Published 02/10/2023 11:38 AM | Edited 02/11/2023 11:14 AM
Brazilian humanitarian aid arrived in Ankara, Turkey, on Thursday night (9). Afterwards, the group headed to Adana, a city in the south of the country, on the border with Syria, the region of the epicenter of the earthquake that occurred on Monday (6).
At least 18,991 people have been killed in Turkey, according to President Erdogan, surpassing the toll of the country’s devastating 1999 earthquake of the same magnitude. It is estimated that at least 3,377 people were killed in Syria.
Despite having exceeded 100 hours after the earthquakes, defying the odds, rescue teams are finding people alive in the rubble, both in Turkey and in Syria, where the situation is even more precarious due to the war. This has been reason for much hope for teams like the Brazilian team, which arrived in the country yesterday.
The Itamaraty note does not mention shipments to Syria. In addition to being the most affected country, Syria faces enormous obstacles to receiving international aid, due to the civil war that blocks passage to the affected areas.
Conditions in Syria are on edge. Medical teams are small and exhausted by the scale of the disaster. There is a shortage of medicines and equipment in hospitals, which run on fuel-based generators at their limits. This situation can become part of the catastrophe, after the rescues.
The International Organization for Migration (IOM) said 14 trucks carrying humanitarian aid had crossed into northwest Syria from Turkey.
“These convoys are carrying electric heaters, tents, blankets and other items to help those people who have been displaced as a result of this catastrophic earthquake,” spokesman Paul Dillon said, adding that the aid was intended for Idlib.
Opposition-controlled northwest Syria is home to nearly two million internally displaced refugees.
#Turkey | The FAB KC-30 landed yesterday (02/09), at 7 pm (Brasília time), in Ankara. The aircraft had an alternate destination due to the high number of aircraft at Adana airport.
The rescue teams on board proceeded to Adana in a Turkish Air Force C-130. pic.twitter.com/0WuqH9ZaC6
— Brazilian Air Force 🇧🇷 (@fab_oficial) February 10, 2023
Rescue teams, equipment and medicines
The team of 42 people and 4 sniffer dogs boarded a FAB (Brazilian Air Force) KC-30 aircraft bound for the country in the Middle East. The team is made up of 34 firefighters from São Paulo, Minas Gerais and Espírito Santo. The others are doctors and civil defense agents.
6 tons of equipment were also sent to help with rescue operations and 3 “disaster kits” that each contain 250 kg of medication and emergency items, provided by the Ministry of Health that serve up to 1,500 people for a month.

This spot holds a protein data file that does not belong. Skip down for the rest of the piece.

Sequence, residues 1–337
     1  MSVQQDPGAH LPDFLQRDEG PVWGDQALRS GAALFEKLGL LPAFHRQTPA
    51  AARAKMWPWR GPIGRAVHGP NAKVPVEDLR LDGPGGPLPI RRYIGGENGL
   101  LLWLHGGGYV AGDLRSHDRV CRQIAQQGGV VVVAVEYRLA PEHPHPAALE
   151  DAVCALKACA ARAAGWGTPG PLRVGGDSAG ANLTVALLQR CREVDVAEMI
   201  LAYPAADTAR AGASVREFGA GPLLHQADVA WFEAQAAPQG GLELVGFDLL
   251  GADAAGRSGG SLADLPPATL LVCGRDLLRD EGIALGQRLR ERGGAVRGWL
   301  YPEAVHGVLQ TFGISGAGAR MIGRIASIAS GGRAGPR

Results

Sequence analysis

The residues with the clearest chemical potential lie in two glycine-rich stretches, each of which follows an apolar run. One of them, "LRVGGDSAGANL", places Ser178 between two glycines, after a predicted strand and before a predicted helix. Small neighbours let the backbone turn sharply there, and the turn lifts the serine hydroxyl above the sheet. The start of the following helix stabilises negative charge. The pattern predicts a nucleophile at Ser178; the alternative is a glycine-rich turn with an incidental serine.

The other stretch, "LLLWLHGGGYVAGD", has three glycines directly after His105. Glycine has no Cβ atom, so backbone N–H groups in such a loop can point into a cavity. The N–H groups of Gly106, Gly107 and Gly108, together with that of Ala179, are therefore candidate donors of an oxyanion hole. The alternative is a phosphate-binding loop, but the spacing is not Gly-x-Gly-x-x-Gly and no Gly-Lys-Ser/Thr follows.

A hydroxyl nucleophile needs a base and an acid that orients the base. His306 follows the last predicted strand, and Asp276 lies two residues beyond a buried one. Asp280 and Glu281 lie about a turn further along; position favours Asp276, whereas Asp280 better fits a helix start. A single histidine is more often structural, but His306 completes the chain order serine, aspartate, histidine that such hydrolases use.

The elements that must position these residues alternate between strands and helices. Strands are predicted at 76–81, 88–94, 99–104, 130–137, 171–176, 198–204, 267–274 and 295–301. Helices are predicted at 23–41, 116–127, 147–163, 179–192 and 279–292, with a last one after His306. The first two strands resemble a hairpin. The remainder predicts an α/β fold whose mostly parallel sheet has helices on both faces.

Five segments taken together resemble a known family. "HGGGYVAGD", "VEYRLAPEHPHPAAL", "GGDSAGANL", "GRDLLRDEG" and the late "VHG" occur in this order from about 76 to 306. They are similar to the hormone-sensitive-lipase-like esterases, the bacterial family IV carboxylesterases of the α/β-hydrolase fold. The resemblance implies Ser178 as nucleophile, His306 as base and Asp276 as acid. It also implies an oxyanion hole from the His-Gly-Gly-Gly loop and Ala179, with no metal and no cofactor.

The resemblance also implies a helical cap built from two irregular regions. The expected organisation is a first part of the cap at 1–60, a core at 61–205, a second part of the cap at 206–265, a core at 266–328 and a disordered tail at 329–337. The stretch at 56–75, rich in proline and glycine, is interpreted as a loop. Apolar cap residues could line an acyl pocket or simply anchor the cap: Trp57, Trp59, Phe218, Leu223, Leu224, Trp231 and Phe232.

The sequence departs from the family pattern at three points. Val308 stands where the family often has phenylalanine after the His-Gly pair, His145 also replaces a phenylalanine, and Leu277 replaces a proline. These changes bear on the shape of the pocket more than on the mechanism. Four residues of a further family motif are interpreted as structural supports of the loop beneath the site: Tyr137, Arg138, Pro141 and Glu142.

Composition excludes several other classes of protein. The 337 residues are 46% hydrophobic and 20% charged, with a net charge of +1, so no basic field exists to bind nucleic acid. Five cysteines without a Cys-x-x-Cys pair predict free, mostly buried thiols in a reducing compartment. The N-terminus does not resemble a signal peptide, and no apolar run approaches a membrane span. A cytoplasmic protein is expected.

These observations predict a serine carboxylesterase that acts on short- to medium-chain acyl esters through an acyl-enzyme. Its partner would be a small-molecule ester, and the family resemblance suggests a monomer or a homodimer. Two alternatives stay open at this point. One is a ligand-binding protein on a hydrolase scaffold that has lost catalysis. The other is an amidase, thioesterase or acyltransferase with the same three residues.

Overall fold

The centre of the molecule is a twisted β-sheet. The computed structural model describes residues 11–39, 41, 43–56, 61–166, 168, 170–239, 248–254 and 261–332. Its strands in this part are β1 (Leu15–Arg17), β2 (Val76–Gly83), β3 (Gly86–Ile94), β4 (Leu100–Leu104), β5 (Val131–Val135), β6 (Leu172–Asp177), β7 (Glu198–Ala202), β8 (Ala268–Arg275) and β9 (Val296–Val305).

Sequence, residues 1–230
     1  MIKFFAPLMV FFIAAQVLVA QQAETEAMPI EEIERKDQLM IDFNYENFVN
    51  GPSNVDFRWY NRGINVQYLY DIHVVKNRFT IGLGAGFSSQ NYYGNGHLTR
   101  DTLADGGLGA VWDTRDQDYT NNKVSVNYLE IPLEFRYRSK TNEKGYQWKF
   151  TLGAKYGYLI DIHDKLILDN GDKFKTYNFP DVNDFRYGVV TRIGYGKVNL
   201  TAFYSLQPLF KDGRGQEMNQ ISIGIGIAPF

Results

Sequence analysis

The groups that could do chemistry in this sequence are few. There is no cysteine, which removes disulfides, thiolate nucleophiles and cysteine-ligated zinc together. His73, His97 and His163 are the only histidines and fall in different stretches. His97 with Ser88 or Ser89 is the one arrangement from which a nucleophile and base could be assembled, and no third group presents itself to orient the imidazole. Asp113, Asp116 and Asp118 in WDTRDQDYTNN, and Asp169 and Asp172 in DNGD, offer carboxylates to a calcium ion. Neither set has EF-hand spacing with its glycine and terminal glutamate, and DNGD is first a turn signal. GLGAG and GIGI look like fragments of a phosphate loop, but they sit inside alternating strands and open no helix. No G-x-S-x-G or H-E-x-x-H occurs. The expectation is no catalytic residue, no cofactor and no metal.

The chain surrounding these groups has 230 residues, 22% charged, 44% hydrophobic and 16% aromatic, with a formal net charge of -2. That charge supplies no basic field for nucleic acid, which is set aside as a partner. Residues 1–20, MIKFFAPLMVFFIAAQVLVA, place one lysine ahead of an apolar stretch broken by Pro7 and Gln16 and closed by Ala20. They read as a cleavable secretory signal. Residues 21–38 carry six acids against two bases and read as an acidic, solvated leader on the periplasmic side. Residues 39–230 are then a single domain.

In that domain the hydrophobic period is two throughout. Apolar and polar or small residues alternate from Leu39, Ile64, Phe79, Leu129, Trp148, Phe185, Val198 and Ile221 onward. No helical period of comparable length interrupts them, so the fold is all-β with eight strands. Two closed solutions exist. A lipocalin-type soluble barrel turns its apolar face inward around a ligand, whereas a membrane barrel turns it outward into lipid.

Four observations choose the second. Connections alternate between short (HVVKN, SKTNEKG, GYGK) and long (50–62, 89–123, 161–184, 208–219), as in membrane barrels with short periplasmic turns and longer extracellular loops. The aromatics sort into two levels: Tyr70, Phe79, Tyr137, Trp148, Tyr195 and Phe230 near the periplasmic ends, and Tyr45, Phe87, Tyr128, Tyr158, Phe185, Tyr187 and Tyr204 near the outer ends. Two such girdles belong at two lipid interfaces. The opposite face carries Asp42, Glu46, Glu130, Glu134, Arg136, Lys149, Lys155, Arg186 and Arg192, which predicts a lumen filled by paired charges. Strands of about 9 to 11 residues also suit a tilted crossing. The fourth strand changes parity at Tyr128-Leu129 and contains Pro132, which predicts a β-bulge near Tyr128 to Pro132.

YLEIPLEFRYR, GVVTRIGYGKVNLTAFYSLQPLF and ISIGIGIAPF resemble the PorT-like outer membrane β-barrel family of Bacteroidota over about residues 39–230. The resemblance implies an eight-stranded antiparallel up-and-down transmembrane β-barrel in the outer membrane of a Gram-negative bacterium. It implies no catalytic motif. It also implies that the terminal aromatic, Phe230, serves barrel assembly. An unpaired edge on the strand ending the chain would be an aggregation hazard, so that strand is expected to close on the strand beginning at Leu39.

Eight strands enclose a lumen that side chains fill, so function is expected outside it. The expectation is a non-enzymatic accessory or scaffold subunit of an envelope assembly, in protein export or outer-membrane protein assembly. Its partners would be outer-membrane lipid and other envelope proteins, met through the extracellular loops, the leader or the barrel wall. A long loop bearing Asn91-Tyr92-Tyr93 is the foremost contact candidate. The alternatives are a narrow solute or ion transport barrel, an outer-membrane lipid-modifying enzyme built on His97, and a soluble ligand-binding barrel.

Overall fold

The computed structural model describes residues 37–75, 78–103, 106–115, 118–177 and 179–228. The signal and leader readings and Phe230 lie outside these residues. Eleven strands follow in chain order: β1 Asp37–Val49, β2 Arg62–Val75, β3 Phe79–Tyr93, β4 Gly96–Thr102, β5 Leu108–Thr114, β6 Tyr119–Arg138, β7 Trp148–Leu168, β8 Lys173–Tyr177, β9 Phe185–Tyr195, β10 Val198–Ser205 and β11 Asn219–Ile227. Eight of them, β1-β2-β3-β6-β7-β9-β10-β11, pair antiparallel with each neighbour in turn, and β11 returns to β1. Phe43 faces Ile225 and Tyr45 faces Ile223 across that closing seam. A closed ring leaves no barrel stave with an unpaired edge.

The mission is coordinated by the Ministry of Foreign Affairs (MRE), through the Brazilian Cooperation Agency (ABC), responsible for the Federal Government’s humanitarian cooperation, in conjunction with the Ministries of Defense (MD), Health (MS), Regional Development (MIDR) and Justice and Public Security (MJSP), and with other federal agencies that work in a coordinated manner within the scope of the Interministerial Working Group on International Humanitarian Cooperation.
On Monday (6th), shortly after the tragedy, Itamaraty offered to send help. President Luiz Inácio Lula da Silva (PT) sympathized with the victims of both countries.
“We look with concern at the news coming out of Turkey and Syria, after the earthquake of great magnitude. Brazil expresses its solidarity with the people of both countries, with the families of the victims and all those who lost their homes in this tragedy”, wrote Lula in his Twitter profile.
Governments and international organizations have sent rescue teams and doctors to help Turkey and Syria. Brazil is among those providing assistance. International leaders and officials mourned the losses caused by the natural disaster.
Turkish President Recep Tayyip Erdogan declared on Tuesday (7) a state of emergency for 3 months in 10 provinces. The leader said that the measure aims to speed up the operations of search and rescue of victims. “The severity of the earthquake disaster we have experienced makes it imperative to implement extraordinary measures,” Erdogan said.
The Turkish leader admitted on Wednesday (8) problems in his government’s initial response during a visit to the city of Kahramanmaras. He forced hotels to reopen in winter to house the affected families. He also stated that the government will carry out works to rebuild the destroyed buildings, including residential buildings, with the help of AFAD (Turkey Disaster and Emergency Monitoring Agency).
Under attack from the opposition, on the eve of the election, he admitted that the Turkish authorities’ response to the major earthquakes in the south of the country was not as swift as the government had wanted.
“So many buildings were damaged that unfortunately we were unable to accelerate our interventions as quickly as we wanted,” Erdogan said during a visit to the hard-hit southern city of Adiyaman.
The statement came a day after Erdogan admitted that there were “failures” in the government’s handling of the disaster.
Erdogan added that some people were robbing markets and attacking businesses after the disaster. He said a declared state of emergency in the worst-hit areas would allow the government to quickly penalize those responsible.